Weakness in Eurozone economies: much of the ordinary population has become disenchanted with bearing most of the burden of public spending cuts while not sharing in economic prosperity.

Immigration: Immigration has been cited as the biggest political issue surrounding the Brexit vote. Much of the British population is disgruntled with the influx of immigrants, something the leave side used to its advantage, promising a thriving economy and curb on immigration if the UK voted to leave the EU, a promise that will likely prove difficult to keep as the UK regroups and takes the next steps towards separating themselves from the EU.   brexit-flag

Keeping to his pre-referendum promise, in a speech to British parliament this morning, Prime Minister David Cameron indicated that most major decisions in separating from the EU would have to wait for a new Prime Minister and his primary focus would be to help calm the markets. Cameron indicated that he would not be invoking Article 50 of the Lisbon treaty, leaving that task for his successor. With a great deal dependent on the type of trade deal and the time frame in which Britain can negotiate with the EU, the EU is urging Britain to invoke Article 50 sooner rather than later.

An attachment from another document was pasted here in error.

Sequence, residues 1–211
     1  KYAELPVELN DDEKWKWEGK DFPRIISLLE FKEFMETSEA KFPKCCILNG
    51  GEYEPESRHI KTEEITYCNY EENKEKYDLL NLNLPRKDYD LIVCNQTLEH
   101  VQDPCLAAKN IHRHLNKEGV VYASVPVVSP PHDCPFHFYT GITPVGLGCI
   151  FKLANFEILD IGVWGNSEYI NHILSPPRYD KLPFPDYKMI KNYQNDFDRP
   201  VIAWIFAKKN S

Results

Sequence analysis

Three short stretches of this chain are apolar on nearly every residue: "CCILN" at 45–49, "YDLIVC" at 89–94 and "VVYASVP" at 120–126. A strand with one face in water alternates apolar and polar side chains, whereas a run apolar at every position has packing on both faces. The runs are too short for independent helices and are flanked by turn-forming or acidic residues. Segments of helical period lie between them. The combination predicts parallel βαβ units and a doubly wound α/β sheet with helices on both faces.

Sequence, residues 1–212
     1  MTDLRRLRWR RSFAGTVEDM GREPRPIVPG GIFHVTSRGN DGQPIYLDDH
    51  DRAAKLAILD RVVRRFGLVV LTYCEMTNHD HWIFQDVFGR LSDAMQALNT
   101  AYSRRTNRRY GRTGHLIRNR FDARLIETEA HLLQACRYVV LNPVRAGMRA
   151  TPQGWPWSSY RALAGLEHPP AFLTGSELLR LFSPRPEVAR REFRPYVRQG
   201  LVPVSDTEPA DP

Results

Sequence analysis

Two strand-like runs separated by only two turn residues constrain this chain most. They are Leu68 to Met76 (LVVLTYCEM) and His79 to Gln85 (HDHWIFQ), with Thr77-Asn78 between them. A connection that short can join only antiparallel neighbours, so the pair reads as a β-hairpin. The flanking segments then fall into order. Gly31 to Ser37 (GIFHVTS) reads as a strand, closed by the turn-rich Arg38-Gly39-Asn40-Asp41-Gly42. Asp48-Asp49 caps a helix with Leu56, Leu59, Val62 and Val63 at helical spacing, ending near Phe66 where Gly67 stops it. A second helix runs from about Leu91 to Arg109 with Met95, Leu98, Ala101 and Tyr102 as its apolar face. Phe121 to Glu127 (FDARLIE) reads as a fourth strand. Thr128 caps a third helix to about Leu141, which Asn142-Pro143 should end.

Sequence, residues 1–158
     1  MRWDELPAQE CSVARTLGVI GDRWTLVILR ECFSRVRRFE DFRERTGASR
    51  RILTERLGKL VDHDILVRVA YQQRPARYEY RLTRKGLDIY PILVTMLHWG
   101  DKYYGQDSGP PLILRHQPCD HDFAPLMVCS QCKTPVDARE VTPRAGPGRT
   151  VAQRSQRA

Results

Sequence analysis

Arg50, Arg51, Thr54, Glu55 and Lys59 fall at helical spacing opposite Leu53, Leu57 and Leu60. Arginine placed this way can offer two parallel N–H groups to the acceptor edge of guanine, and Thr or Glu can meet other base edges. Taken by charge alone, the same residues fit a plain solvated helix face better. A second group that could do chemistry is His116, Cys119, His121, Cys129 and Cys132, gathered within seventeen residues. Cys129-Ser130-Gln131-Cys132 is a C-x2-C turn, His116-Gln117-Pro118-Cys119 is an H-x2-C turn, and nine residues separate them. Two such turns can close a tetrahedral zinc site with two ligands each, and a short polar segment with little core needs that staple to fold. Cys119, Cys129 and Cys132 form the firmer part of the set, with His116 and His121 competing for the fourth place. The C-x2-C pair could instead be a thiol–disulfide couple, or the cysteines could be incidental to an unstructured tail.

Article 50 serves to set a two year frame to agree to terms of departure set out by the 27 other countries comprising the European Union. Britain would not have a vote in the decision, and it is likely that many Brexiters will support informal negotiations over formally invoking Article 50.

Should Article 50 be invoked however the two likely offers would be:

  1. Like Norway become a member of the European Economic Area (EEA) and in return for the trade advantages offered Britain would have to contribute to the EU budget and allow free movement of people from other EU countries into and out of the country.
  2. Britain could be allowed to opt out entirely and trade with the European Union under rules laid out by the World Trade Organization in the same way that countries like the United States, China, and India trade with countries in the EU.